Overseeing your care, preparing you for the birth experience

When your pregnancy journey begins you may choose to have a certified nurse-midwife (CNM) or an OB/GYN for your pregnancy, birth and postpartum care. At Bryn Mawr Hospital we are proud to have a midwife on staff for women who prefer this option. Our midwife has many years of experience as a labor and delivery nurse at Bryn Mawr Hospital, and the midwifery approach and practice is respected and supported by our physicians, nurses and management.

What a midwife does

Midwives have been an important part of the birthing process for women around the globe for thousands of years. The term “midwife” means “with woman”—a qualified person caring for the pregnant, laboring and birthing woman and her baby.

In the United States, a midwife is a licensed medical professional who has been accredited by the Accreditation Commission for Midwifery Education (ACME). The vast majority of CNMs have graduate degrees. All have advanced education and training in maternal care and childbirth.

Midwives are considered primary care providers. Your midwife will work with you from your very first appointment to educate and prepare you for the birth experience, and to oversee your (and your baby’s) health throughout the process.

Your midwife will:

  • Recommend and run appropriate prenatal tests
  • Provide guidance around your health and well-being
  • Offer nutritional advice and counseling
  • Prescribe medications and supplements
  • Monitor you throughout pregnancy, labor and postpartum
  • Help build your confidence in your body’s birthing ability
  • Consult with an OB/GYN as needed*

* Midwives commonly consult with an OB/GYN if there is a medical condition or emergency that is beyond the scope of the midwifery practice or experience.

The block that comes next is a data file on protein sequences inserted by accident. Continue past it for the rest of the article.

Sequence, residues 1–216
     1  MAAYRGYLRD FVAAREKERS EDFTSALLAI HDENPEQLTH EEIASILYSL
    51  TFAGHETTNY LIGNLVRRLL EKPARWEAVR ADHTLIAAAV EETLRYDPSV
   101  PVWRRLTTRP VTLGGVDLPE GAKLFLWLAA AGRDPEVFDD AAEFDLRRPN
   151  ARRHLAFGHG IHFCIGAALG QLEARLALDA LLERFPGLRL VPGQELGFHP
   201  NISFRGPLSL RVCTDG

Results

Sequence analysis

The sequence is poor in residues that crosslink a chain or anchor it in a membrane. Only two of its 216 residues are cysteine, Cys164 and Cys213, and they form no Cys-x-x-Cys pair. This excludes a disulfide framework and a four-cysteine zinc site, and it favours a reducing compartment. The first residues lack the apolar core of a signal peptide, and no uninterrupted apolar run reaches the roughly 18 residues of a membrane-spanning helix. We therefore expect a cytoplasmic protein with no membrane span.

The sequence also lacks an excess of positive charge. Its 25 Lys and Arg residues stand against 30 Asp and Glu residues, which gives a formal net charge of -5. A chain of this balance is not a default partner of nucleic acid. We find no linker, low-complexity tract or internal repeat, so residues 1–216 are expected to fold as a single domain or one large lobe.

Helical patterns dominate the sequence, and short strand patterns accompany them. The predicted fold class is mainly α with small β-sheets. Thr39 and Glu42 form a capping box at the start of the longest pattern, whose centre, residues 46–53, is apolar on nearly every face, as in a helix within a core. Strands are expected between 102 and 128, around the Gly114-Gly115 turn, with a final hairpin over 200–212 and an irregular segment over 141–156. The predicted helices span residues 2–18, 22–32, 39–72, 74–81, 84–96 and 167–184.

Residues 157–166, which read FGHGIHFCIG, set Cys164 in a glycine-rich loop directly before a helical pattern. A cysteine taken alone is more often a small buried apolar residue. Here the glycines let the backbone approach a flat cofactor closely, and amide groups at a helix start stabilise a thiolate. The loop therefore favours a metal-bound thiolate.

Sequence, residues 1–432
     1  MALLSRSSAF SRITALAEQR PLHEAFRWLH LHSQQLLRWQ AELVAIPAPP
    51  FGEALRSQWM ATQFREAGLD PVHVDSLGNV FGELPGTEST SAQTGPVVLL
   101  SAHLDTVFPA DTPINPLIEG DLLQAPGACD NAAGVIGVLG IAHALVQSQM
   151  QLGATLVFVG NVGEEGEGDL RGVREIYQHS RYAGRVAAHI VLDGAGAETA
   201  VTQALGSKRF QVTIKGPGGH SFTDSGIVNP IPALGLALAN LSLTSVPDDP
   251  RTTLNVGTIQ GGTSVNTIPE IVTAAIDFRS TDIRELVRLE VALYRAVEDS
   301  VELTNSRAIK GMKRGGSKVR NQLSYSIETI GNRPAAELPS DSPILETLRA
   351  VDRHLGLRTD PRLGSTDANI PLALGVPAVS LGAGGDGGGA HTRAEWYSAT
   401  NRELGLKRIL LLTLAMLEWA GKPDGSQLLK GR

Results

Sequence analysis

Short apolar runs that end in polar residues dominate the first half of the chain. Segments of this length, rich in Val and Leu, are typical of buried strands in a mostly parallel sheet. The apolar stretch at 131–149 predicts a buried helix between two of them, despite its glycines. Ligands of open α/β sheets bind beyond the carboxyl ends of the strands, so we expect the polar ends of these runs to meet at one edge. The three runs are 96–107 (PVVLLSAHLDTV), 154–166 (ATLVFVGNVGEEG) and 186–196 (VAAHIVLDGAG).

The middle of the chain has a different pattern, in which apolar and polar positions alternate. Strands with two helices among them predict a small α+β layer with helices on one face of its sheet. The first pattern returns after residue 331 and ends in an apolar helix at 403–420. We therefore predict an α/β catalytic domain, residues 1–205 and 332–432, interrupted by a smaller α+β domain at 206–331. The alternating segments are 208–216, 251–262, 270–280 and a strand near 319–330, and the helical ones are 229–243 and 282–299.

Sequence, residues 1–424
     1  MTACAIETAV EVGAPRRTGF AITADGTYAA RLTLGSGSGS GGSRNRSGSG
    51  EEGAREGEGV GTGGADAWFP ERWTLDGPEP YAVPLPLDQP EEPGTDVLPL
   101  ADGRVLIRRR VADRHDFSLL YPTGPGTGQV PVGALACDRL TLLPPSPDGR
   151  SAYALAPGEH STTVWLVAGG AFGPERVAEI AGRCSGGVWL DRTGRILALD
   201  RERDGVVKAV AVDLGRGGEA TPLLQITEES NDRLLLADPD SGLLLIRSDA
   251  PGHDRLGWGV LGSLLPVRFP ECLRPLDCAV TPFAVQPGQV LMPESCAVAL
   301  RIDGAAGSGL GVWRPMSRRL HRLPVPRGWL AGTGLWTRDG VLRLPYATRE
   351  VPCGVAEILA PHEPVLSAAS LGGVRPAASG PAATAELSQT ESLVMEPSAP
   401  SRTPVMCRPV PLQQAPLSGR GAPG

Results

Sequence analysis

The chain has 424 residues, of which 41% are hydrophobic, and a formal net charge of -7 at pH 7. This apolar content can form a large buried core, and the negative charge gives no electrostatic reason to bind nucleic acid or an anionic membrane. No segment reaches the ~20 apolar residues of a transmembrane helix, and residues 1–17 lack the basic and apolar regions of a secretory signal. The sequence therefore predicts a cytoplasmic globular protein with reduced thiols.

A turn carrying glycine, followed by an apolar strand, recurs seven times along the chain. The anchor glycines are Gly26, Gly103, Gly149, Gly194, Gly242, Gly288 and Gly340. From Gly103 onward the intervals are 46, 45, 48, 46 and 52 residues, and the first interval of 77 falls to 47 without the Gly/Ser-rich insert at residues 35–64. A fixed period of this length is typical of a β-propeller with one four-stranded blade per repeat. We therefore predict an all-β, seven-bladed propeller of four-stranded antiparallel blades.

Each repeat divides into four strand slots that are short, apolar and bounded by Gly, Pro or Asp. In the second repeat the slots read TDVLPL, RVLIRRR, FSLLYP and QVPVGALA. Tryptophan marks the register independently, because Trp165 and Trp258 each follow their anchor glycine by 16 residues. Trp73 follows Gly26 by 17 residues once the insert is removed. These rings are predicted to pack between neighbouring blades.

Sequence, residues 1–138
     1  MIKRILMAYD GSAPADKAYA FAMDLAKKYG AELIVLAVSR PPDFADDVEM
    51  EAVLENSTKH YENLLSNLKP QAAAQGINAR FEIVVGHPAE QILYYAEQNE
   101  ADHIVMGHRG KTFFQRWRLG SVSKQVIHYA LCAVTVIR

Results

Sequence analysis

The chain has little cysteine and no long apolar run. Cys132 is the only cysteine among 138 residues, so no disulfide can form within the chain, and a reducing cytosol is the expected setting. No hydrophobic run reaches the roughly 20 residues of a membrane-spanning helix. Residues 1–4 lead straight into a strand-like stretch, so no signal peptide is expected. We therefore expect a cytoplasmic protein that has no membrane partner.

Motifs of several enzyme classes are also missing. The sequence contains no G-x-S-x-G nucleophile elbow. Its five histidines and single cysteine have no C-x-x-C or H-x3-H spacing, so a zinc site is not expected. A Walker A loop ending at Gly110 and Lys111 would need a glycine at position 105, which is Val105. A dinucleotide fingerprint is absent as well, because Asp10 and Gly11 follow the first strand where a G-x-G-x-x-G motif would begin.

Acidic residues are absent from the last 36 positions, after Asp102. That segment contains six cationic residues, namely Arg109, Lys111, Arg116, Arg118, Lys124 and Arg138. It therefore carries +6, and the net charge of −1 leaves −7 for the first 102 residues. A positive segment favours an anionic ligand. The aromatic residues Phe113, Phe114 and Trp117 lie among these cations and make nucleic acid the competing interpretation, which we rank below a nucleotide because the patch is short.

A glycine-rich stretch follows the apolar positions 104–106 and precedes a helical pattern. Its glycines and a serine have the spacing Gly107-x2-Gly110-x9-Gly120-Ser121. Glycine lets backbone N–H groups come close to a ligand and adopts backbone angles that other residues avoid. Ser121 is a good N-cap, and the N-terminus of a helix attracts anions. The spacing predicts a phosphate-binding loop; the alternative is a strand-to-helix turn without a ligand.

The midwife will also encourage you to move around and try different positions for labor in order for you to feel as comfortable as possible during this powerful experience. Your midwife will continue to check on the baby with fetal monitoring throughout labor. As long as your baby is doing well, you can move freely and even deliver your baby in any position that works for you, including side laying, hands and knees, and squatting.

Understanding the difference between midwives and doulas

While your midwife provides clinical oversight of your pregnancy and birth, a doula can provide emotional and physical support. The word “doula” comes from the Greek, meaning “female helper.” Think of your doula as your birth companion, someone who has special training and experience with childbirth and can provide you with information and support at every stage, especially labor and delivery.

Doulas help improve birth outcomes by:

  • Suggesting positions to try based on how you’re laboring
  • Giving you ice chips or a sip of water when you need it
  • Talking you through your contractions
  • Encouraging you when it gets tough
  • Massaging or applying pressure where needed

A doula can also provide much needed support for your partner and may also assist you postpartum with things like breastfeeding and self-care.

How a midwife and doula work together for optimal birth outcomes

Midwives and doulas complement one another by supporting your full range of needs and experience from pregnancy through postpartum. While your midwife helps ensure you and your baby remain safe and healthy, your doula helps ensure that you are supported emotionally and physically. If you are interested in learning more about doula services, please consult with your midwife.

To set up a consultation with the midwife at Bryn Mawr Hospital, call 610.525.6400.